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First online statement from new Iraqi al-Qaida leader says group returning to old strongholds
CAIRO (AP) The first online statement from the new leader of al-Qaida's affiliate in Iraq claims that the militant network is returning to the old strongholds from which it was driven by U.S. forces and their Sunni allies prior to the American withdrawal at the end of last year, and that it is preparing operations to free prisoners and assassinate court officials.
The audio identifies the speaker as Abu Bakr al-Baghdadi, who became head of the Islamic State of Iraq in 2010. It was posted late Saturday on a website regularly used by the militant movement to make statements.
Al-Baghdadi also invited Muslims to come to Iraq to join his movement and warned the United States that it would soon see militant attacks on its territory, although it is unclear whether he was referring to attacks by his Iraqi network or by other al-Qaida affiliates.
The statement comes as Sunni insurgents, now believed to be dominated by the ISI, step up attacks against Shiites, government officials and other targets, in what is seen as a bit to undercut the authority of Iraq's state and revive sectarian conflict in the wake of the pull-out of the last American forces in the country in December.
There is little indication yet however that the large-scale fighting between sectarian groups that wracked the country in 2006 and 2007 will return, nor does al-Qaida appear to have restored the domination it once had over many Sunni communities in that period.
"I bring you good news: That we are starting a new phase in our struggle with a plan we named 'Breaking the walls,' and we remind you of your priority to free the Muslim prisoners," he said.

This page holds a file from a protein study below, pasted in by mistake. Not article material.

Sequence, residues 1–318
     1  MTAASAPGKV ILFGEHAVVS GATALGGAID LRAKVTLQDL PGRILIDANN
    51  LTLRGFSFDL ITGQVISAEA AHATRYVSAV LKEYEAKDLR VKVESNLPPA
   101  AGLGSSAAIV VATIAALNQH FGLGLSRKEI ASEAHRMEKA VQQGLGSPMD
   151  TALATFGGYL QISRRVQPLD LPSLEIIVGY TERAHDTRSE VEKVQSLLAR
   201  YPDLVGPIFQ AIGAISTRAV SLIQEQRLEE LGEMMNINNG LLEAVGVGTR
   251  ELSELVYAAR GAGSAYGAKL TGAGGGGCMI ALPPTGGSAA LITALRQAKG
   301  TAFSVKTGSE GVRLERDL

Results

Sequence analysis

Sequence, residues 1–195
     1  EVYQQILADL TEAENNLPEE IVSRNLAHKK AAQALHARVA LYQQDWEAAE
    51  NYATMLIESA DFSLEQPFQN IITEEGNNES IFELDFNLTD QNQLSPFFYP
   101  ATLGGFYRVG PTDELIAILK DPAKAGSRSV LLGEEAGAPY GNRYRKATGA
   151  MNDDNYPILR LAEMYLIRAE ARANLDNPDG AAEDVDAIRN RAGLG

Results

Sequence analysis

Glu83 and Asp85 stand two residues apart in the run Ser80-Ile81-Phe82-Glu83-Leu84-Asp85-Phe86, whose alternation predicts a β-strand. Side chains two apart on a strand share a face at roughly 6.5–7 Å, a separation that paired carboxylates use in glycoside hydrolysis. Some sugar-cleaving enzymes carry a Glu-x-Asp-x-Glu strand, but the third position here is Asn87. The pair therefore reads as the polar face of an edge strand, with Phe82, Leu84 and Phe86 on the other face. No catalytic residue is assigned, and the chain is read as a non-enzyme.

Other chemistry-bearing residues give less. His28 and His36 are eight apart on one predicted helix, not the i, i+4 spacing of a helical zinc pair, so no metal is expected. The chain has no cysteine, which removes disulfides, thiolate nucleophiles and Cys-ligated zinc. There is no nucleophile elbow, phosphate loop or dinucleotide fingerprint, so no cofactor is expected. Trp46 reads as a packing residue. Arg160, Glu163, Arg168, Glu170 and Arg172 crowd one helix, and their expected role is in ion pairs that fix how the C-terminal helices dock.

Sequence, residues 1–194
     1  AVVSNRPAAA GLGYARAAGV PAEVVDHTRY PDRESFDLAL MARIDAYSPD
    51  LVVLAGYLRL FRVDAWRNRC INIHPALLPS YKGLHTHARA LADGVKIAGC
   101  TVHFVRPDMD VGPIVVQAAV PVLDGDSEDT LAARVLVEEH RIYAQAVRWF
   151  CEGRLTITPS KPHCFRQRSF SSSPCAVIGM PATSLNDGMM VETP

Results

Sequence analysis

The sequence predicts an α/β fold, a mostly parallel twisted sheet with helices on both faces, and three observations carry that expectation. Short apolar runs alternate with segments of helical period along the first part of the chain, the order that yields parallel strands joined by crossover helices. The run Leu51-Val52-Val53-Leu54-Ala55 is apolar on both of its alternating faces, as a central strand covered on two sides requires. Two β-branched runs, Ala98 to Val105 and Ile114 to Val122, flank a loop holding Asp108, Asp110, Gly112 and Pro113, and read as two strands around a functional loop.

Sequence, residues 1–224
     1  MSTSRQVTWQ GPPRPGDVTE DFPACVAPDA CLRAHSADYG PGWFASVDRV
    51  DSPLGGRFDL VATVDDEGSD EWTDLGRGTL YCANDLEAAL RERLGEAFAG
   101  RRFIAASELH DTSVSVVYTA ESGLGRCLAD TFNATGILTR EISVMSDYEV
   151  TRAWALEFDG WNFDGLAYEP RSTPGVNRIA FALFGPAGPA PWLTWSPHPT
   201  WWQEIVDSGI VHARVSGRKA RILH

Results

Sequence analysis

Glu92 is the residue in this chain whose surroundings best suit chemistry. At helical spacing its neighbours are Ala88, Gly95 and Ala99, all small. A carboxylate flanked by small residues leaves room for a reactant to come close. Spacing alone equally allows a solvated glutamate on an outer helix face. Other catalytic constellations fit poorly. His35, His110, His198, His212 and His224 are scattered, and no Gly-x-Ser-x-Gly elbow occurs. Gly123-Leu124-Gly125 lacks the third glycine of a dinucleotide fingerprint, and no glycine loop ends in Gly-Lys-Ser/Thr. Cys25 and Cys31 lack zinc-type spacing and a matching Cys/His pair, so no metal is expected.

"At the top of your priorities regarding targets is to chase and liquidate the judges, the investigators and the guards," he said.
He urged tribal leaders to send their men to join al-Qaida as it returns to areas from which it withdrew a reference to reverses the ISI suffered at the hands of U.S. forces and allied Sunni militias in 2007 and 2008.
"On the occasion of the return of the (Islamic) State to the regions it evacuated, I urge you to send your sons to join the ranks of the mujahideen in defense of your religion and honor," he said. "The majority of the Sunnis in Iraq support al-Qaida and are waiting for its return."
He said that Iraqis who allied with the government and the Americans could repent; reports that al-Qaida killed penitents were "lies."
Al-Baghdadi said to the United States: "You will see the mujahideen (holy warriors) at the heart of your country, since our war with you has only started now."
He urged Muslims to come to Iraq to join his fight. "I appeal to the youth and Muslim men everywhere on this earth to immigrate to us to consolidate the pillars of the Islamic State ... The State's camps and houses are open to any Muslim and Baghdad is the heart of the battle of the Sunnis against the Shiites. So rise up, you Muslim youth, because the battle needs fuel."
Al-Baghdadi devoted almost half of the 33-minute speech to Syria's uprising against the regime of President Bashar Assad, member of a Shiite offshoot sect. The uprising is largely Sunni and fighters from al-Qaida, including Iraqis, are believed to have taken an increasingly active role in recent months.
"Our people there have fired the coup de grace at the terror that grasped the nation for decades ... and taught the world lessons of courage and jihad and proved that injustice could only be removed by force," he said.
He warned the Syrian rebels "not to accept any rule or constitution but God's rule and Shariah (Islamic law). Otherwise, you will lose your blessed revolution."
Al-Baghdadi became the leader of the group after Abu Omar al-Baghdadi, who was no relation, was killed in an air and ground assault by a team of U.S. and Iraqi forces on April 18, 2010 together with the other top al-Qaida leader in Iraq, Egyptian Abu Ayyub al-Masri.